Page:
# Generate the labels based on the label names and add them to the appropriate grid cell
labels = []
for index in range(12):
    x = index % 3
    y = index // 3
    labels.append(label.Label(terminalio.FONT, text=label_names[index]))
    layout.add_content(labels[index], grid_position=(x, y), cell_size=(1, 1))

# Display the text

while True:
    key_event =  # Begin checking for key events.

    if key_event:  # If there is a key event, e.g. a key has been pressed...
        if key_event.pressed:  # And a key is currently being pressed...

            # ... light up the pressed key with a color from the rainbow.
            macropad.pixels[key_event.key_number] = colorwheel(
                int(255 / 12) * key_event.key_number

            # If it's a Keycode...
            if "KC" in shortcut_keys["macros"][key_event.key_number][2]:
                # ... send the associated key command or sequence of key commands.
                for key in keys[key_event.key_number]:

            # If it's a ConsumerControlCode...
            if "CC" in shortcut_keys["macros"][key_event.key_number][2]:
                # ... send the associated consumer control code.
                for key in keys[key_event.key_number]:

            sounds = key_sounds[key_event.key_number]  # Assign the tones/wavs to the keys.
            if isinstance(sounds, int):  # If the sound is a tone in Hz...
                macropad.start_tone(sounds)  # ... play the tone while the key is pressed.
            if isinstance(sounds, str):  # If the sound is a wav file name as a string...
                macropad.play_file(sounds)  # ... play the wav file.
            # Otherwise, turn off the NeoPixels and stop the tone.


The file contains a Python dictionary that allows you to easily configure what each key will do in terms of the following:

  • The tone in Hz to play.
  • The label to show on the display (should be kept to 6 characters or less to fit).
  • The key type being sent (e.g. KC for Keycode or CC for Consumer Control Code).
  • The key sequence (the keycode or group of keycodes to send on key press).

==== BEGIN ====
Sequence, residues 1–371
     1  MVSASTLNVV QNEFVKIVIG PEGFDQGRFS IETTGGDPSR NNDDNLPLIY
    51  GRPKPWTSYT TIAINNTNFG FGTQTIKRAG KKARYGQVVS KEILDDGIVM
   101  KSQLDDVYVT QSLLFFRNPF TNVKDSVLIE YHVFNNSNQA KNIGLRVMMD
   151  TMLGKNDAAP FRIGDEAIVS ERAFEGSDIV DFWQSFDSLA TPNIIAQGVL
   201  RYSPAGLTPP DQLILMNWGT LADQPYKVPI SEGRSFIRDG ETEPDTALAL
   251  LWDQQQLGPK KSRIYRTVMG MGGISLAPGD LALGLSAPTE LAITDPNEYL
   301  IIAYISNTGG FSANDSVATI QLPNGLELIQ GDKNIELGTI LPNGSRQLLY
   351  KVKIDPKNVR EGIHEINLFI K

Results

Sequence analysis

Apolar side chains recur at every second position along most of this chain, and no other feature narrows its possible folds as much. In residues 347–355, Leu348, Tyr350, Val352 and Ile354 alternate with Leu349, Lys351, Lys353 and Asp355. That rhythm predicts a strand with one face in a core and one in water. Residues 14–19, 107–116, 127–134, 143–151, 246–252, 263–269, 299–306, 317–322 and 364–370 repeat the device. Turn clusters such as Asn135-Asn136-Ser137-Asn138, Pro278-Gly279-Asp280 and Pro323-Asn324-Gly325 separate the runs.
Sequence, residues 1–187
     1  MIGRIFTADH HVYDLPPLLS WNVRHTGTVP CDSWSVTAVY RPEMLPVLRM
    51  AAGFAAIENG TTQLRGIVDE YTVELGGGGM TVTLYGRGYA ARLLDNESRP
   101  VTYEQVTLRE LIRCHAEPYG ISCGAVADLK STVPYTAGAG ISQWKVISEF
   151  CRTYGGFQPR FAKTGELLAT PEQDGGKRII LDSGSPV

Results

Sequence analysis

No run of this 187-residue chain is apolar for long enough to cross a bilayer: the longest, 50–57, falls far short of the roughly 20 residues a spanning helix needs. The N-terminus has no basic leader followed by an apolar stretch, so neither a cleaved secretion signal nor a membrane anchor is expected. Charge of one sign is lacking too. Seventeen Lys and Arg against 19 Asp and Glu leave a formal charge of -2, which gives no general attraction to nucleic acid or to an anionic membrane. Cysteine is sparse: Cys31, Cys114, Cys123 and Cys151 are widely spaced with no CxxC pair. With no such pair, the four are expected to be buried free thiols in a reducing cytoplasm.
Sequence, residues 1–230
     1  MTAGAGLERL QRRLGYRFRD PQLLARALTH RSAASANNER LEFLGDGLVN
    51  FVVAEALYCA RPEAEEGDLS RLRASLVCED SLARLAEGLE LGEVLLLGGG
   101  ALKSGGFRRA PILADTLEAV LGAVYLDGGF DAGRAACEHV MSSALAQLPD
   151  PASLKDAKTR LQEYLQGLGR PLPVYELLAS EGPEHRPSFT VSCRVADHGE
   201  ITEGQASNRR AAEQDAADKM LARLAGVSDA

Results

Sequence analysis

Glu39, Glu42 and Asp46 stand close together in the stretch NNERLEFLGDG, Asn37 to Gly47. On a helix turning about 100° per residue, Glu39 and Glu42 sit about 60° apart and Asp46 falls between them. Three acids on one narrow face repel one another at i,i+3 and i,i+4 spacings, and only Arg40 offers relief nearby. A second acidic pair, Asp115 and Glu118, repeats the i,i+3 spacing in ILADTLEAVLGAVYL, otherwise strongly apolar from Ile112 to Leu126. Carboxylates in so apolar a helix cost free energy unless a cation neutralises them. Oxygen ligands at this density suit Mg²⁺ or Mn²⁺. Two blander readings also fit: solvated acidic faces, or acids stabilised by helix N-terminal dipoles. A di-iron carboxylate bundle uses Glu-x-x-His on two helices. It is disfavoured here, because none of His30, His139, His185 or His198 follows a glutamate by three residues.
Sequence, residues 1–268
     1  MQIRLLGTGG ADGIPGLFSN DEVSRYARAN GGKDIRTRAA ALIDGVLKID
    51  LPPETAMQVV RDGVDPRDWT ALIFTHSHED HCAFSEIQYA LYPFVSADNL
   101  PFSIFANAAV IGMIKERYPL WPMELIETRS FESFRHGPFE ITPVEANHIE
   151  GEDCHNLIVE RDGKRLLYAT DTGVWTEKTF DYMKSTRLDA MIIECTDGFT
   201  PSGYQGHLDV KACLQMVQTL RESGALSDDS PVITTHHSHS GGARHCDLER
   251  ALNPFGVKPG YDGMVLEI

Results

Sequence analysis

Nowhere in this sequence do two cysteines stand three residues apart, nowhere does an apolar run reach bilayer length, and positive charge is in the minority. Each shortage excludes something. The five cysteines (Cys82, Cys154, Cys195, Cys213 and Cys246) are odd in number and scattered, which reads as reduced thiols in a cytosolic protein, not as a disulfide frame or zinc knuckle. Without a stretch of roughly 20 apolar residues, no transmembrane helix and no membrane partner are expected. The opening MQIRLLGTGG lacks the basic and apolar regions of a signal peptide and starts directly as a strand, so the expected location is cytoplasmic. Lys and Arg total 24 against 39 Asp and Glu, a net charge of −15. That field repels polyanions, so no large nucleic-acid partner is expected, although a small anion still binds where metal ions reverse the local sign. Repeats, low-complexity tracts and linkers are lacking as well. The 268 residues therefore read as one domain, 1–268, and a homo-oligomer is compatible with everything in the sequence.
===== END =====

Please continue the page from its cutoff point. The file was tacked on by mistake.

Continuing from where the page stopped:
Each of the multi-entry lines in the dictionary have all four pieces of information for each key. To configure a key differently, simply update the associated line to have the desired tone, display label, key type abbreviation, and the key sequence.

For example, to update the first key to play a different tone and send the letter "a", I would change line 29 to the following:

(185, 'a', 'KC', [macropad.Keycode.A]),

That's all there is to configuring your MacroPad shortcuts.

Parts List


STL files for 3D printing are oriented to print "as-is" on FDM style machines. Parts are designed to 3D print without any support material. Original design source may be downloaded using the links below.

Slicing Parts

Supports are required for the full keycaps. Slice with setting for PLA material. 

The parts were sliced using CURA using the slice settings below.

  • PLA filament 220c extruder
  • 0.2 layer height
  • 10% gyroid infill
  • 60mm/s print speed
  • 60c heated bed


  • Support Extrusion Width: .2
  • Support Density: 4%
  • Support Z Height: .21
  • Interface: Off
  • Support Roof: On
  • Support Pattern: Zig Zag
  • Support Roof Pattern: Zig Zag



The keycaps are compatible with Cherry MX and Kailh Box switches.

You can print the keycaps in one piece or just the top cover for existing keycaps.

The keycaps are installed by press fitting them over the stem of the mechanical key switch.

This guide was first published on Jul 21, 2021. It was last updated on Jul 23, 2024.